Driven by a love of the printed word, the late Adeline Barry Davee graduated with a master’s degree in English from Flora Stone Mather College—just a year after earning a bachelor’s in the subject in 1931.

Adeline Barry Davee

Adeline Barry Davee

Hired by her alma mater’s history department to assist its then-chair—Robert C. Binkley—she helped raise money for student scholarships.

Now, more than 80 years later, Davee’s support for humanities education and the institution that is now Case Western Reserve University is taking on a new shape: The Davee Foundation, the philanthropic organization she created with her husband, the late Ken Davee, has established a $1 million scholarship fund for history students at the university.

“We are deeply grateful to The Davee Foundation for their support of students studying the humanities,” says Cyrus C. Taylor, dean of the College of Arts and Sciences and Albert A. Michelson Professor in Physics at Case Western Reserve. “Their gift helps us preserve and extend the legacy of alumna Adeline Barry Davee and her mentor, Robert C. Binkley.”

The gift continues the Davee family’s legacy of generosity to the university’s Department of History. In 1988, the foundation established the Adeline Barry Davee Distinguished Professor of History, which is currently held by Ted Steinberg.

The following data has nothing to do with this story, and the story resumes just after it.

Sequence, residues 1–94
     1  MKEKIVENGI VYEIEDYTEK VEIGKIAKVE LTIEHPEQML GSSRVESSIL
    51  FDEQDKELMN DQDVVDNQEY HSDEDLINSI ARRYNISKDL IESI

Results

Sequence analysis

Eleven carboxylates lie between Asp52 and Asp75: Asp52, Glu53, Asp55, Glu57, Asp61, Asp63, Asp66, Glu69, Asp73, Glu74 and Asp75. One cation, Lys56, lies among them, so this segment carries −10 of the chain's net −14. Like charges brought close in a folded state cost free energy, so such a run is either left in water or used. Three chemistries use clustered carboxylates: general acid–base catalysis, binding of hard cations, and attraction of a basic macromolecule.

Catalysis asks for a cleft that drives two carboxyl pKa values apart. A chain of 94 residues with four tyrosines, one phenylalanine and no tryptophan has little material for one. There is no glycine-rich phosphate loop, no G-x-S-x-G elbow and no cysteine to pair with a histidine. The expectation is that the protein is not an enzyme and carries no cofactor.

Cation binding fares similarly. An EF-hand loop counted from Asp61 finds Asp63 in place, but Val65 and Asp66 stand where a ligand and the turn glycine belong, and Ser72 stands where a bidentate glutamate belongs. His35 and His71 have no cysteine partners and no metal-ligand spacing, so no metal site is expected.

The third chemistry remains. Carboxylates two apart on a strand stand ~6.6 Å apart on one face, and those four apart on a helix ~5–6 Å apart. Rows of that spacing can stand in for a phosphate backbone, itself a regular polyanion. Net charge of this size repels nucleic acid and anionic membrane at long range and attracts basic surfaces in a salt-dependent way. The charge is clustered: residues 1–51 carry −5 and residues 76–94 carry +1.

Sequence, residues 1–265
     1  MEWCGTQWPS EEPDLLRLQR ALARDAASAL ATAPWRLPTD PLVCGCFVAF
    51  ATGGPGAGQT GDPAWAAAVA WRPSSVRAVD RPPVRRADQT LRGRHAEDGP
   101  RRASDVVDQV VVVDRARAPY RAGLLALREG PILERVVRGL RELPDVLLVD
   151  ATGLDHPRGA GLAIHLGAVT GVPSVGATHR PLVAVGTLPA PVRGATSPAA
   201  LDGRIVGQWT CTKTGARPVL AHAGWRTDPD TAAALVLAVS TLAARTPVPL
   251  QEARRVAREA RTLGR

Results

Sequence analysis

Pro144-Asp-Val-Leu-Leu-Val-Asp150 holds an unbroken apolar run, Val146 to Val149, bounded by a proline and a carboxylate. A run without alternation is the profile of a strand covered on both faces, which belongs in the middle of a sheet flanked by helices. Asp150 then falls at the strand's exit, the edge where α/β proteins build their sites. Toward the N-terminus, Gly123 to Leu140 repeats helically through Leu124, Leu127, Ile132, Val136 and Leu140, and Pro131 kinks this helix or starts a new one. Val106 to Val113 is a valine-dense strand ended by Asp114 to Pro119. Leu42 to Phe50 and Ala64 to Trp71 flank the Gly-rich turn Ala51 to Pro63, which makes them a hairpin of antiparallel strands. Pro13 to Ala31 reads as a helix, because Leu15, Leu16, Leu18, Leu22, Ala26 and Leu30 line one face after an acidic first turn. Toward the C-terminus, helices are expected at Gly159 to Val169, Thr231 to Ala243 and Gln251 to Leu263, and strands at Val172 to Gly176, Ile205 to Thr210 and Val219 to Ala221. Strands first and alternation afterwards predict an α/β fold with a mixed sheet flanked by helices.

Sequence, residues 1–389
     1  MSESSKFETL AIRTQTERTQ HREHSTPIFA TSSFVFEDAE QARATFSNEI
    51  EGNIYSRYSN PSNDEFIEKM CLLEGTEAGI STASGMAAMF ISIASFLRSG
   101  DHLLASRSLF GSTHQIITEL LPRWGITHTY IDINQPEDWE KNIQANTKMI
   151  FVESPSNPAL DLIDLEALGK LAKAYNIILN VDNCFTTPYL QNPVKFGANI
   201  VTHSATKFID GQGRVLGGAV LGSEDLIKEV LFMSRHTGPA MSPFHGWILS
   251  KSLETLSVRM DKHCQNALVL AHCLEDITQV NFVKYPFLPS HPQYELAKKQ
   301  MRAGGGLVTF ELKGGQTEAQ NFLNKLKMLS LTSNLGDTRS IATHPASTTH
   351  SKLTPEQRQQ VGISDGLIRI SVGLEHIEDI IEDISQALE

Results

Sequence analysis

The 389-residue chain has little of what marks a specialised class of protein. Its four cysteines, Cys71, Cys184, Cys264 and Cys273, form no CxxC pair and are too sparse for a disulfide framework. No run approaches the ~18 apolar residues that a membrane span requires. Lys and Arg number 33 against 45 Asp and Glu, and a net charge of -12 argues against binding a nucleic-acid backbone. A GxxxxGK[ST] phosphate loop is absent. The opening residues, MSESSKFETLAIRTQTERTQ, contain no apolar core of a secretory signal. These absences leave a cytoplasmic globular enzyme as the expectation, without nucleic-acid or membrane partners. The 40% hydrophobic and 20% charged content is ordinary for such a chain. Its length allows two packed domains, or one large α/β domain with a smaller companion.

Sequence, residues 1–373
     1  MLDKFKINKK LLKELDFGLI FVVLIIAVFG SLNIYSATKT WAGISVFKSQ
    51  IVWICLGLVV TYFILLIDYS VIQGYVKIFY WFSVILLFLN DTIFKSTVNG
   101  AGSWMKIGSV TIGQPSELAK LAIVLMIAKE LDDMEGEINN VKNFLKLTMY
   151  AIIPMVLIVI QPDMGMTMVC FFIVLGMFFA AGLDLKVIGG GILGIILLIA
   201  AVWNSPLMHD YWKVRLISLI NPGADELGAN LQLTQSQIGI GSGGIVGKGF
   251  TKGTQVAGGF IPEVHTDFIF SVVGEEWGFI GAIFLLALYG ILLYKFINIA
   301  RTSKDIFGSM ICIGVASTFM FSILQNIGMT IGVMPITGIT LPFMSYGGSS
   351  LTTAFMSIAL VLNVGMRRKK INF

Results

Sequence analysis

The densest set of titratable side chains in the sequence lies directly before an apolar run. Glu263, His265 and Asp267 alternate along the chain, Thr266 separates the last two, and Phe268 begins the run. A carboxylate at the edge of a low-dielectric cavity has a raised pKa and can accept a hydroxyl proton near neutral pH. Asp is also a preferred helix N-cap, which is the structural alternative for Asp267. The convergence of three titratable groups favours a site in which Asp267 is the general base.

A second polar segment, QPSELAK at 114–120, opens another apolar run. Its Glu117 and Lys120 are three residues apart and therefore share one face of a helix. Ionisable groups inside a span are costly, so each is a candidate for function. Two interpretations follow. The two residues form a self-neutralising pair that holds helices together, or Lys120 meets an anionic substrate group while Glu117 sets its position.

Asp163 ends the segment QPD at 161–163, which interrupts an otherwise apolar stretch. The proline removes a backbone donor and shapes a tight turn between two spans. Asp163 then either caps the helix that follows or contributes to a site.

Adeline Barry Davee

1931 photo in Mather College’s “Polychronicon” yearbook, courtesy of CWRU Archives

Starting the fall semester of 2019, the new $1 million gift—creating the Adeline Barry Davee Scholarship in History Fund—will begin supporting students with financial need and high academic performance, with some preference given to those from the Greater Chicago area, where The Davee Foundation is based.

Each academic year, two to five students will be awarded the scholarships, which will include part or full tuition, fees, room and board, books, school supplies and a stipend. Students must maintain at least a 3.0 grade-point average.

“Scholarships funded by this generous gift will allow us to attract additional talented undergraduate history majors, in even larger numbers,” said Kenneth F. Ledford, chair of Department of History and co-director of the Max Kade Center for German Studies at Case Western Reserve. “Now more than ever, American society needs citizens whose grasp of evidence and discerning analytical skills are honed by the study of history.”

Adeline Barry Davee

Mrs. Davee, January 1987

Following her stint at Mather College, Adeline Barry Davee worked for the Library of Congress and the Navy’s Records Administration, before co-founding a successful marketing research firm—Davee, Koehnlein and Keating—and The Davee Foundation, which has supported arts higher education, culture, health care and social causes since 1964.

“The Davee Foundation is honored to create this scholarship in memory of Adeline Barry Davee,” said James W. Dugdale, Jr., president of The Davee Foundation. “The Davees were always supporters of education, and this scholarship will allow students, who might not have been able to attend college otherwise, get a quality education.”

Adeline Barry Davee passed away in 1987; Ken Davee in 1998. His second wife, Ruth Dunbar, continued the foundation’s philanthropic efforts as its president until her death in 2011.


For more information, contact Daniel Robison at daniel.robison@case.edu.